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ATLANTA 1996 OLYMPICS

Rivalry Produces Gold for Dolan

July 22, 1996|JULIE CART | TIMES STAFF WRITER

ATLANTA — Sport teaches conflicting lessons. Defeat your opponent at any cost, but when the competitor becomes, say, your Olympic teammate, you must embrace him, cheer for him and help him.

Tom Dolan and Eric Namesnik, teammates in college and again on the U.S. Olympic swimming team, have assisted each other by fiercely competing in practice while swimming in the same lane, glaring at each other.

Years of mutual testing primed them for Sunday's 400-meter individual medley final at the Georgia Tech Aquatic Center. They matched each other stroke for stroke until Dolan's impossibly long arms reached the wall first and he became the first American to win a gold medal at these Olympic Games.

Namesnik, as usual, was second. Dolan's time of 4 minutes 14.90 seconds barely beat his teammate, who won the silver medal in 4:15.25. Curtis Myden of Canada won the bronze in 4:16.28.

Dolan and Namesnik have turned aside genteel sportsmanship and patriotic obligations to pursue medals, which, in their case, means pursuit of each other. Namesnik, 25, won the silver medal in the 400 IM at the 1992 Olympic Games and returned to Ann Arbor, Mich., toattend graduate school and train with his college coach, Jon Urbanchek.

Joining him that year at the school was Dolan, the next brash thing in swimming. All Dolan did was surpass Namesnik's American record in the 400 IM, supplant him as the top American in the event and beat him daily in his own pool.

The two have been constant rivals and wary teammates since, even as their coach conspired to race them against each other only at major meets.

While the endorsement bandwagon blew by the reserved Namesnik, the goateed, earringed, rap-singing Dolan has cashed in big time. The 20-year-old gave up his collegiate eligibility to sign contracts and has emerged as the most visible swimmer on the men's team.

Dolan's image as a junk-food devotee hardly seems at odds with his managing an exercise-induced asthma condition that allows him only 20% of normal oxygen intake. He's a perfect fit in sports' new world of red-lining athletes.

Namesnik, who will now retire, tried mightily Sunday to beat Dolan, whom he has never defeated. Dolan's winning margin was the closest ever between the two. Only Dolan's powerful final turn and the advantage of his 6-foot-6 frame carried him to the gold medal.

The two pointedly ignored each other after the race, even as they lingered in the pool. Namesnik stayed in his lane and stared into the middle distance, despondent and disbelieving that a career of international note could end three-tenths of a second short.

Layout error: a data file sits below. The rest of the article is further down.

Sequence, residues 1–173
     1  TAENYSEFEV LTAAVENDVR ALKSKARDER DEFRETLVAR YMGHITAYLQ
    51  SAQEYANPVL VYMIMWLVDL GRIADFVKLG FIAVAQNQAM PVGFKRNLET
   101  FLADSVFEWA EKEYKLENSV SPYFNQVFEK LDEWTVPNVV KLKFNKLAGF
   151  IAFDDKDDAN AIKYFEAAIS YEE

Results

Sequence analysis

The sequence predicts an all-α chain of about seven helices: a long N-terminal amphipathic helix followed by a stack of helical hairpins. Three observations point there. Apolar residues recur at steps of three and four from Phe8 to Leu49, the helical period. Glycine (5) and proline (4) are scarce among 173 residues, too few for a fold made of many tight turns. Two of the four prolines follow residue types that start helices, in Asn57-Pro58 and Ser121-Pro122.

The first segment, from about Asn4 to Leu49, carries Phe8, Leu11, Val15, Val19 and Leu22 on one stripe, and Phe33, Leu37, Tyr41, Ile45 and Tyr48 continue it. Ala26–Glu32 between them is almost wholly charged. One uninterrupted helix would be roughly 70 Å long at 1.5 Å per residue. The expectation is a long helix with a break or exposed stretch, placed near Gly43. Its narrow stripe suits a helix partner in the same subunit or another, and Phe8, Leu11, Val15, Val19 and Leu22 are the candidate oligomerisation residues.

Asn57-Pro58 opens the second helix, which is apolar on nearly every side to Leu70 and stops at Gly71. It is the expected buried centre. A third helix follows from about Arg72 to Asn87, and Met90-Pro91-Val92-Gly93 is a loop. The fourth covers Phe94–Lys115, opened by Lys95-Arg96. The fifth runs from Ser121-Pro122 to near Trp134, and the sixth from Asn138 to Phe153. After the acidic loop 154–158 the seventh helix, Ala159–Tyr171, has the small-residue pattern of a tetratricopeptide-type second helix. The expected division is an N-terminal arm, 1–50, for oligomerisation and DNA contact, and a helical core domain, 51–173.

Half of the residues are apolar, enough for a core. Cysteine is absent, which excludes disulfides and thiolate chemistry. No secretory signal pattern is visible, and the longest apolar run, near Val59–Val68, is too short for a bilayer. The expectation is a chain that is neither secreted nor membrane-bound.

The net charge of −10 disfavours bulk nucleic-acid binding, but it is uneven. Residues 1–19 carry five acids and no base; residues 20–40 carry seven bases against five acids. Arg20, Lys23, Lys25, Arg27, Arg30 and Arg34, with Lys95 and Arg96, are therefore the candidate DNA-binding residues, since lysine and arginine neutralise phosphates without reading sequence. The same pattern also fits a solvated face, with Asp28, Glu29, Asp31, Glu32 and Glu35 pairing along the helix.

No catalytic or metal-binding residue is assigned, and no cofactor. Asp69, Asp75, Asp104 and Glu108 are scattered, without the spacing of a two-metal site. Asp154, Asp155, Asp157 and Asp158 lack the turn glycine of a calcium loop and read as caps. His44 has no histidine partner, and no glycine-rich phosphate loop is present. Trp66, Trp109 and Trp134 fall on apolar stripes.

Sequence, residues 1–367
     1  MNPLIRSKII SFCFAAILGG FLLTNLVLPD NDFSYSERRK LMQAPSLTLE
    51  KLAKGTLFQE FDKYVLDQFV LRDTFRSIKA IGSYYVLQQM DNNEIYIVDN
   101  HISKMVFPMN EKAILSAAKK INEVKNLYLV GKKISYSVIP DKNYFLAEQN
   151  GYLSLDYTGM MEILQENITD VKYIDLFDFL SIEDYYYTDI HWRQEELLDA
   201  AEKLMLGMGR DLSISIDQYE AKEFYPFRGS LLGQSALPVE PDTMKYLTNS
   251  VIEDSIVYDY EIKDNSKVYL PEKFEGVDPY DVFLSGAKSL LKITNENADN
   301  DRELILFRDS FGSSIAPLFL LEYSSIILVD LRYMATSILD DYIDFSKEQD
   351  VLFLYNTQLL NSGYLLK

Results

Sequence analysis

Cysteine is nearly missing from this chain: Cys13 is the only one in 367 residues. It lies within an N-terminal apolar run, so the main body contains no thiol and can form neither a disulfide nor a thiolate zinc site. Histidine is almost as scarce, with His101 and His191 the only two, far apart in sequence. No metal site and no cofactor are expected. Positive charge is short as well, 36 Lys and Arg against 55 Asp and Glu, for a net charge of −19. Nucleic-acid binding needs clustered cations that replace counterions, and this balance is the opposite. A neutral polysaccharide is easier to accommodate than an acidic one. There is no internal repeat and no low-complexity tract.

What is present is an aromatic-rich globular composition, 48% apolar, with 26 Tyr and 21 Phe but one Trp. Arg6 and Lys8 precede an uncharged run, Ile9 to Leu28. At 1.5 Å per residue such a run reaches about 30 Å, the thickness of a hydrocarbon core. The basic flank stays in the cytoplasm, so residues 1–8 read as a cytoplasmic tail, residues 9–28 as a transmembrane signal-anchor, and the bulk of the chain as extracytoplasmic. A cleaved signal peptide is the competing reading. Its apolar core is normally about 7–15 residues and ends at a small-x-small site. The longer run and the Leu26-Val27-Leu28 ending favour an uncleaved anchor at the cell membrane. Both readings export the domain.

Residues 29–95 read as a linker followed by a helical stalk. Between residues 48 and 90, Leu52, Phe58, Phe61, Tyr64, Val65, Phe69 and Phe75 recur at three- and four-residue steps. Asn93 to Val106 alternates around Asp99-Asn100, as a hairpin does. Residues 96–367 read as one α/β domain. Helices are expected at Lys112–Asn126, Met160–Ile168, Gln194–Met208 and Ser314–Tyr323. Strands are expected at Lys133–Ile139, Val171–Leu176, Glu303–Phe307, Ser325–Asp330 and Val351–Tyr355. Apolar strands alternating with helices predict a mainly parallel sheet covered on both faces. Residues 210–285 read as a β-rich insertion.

Although he waved vaguely to acknowledge the crowd's cheers, Dolan seemed more stunned than elated, although it later emerged that the chief emotion washing over him was relief.

"It was definitely a huge weight lifted off my back," Dolan said. "I can relax now and do my own thing and swim my own races. I was the one the U.S. was leaning on to win a gold medal. I feel like I am free now."

After each had warmed down, and after Namesnik had sat on the deck of the practice pool and sobbed into Urbanchek's arms, the two swimmers spoke about how it is possible for a competitive environment to breed enmity, but also bring out excellence.

"I don't think either of us would be in the place we are right now without the other," Dolan said. "It's been a great help for me to train with him and push me in the water. I think anytime you have a relationship like that, you are going to have rough edges. The bottom line is when we are in the water, we push each other and help each other at the same time."

Namesnik acknowledged the tension between the two, even as they sat at the same dais and failed to make eye contact.

"Tom's been pushing me the last couple of years, getting me back on top of my game and back on the awards stand," Namesnik said. "Supposedly we have this big rivalry, but when you have the top two guys in the same event, it's difficult and there's a lot of stress."

Do they rub each other the wrong way?

"Superficially," said Urbanchek, who is an assistant Olympic coach. "But underneath, they have a great respect for each other. That's what happens when you put two highly competitive guys in a cage."

Urbanchek shook his head when asked about oft-told stories that the pair's relationship actually deteriorated to the point where they fought on the pool deck. According to the coach, they don't get close enough to throw blows.

"They don't talk," he said. "They give dirty looks to each other. If looks could kill. . . . I kind of love it. It makes my job easier. I don't have to motivate them. They have each other."

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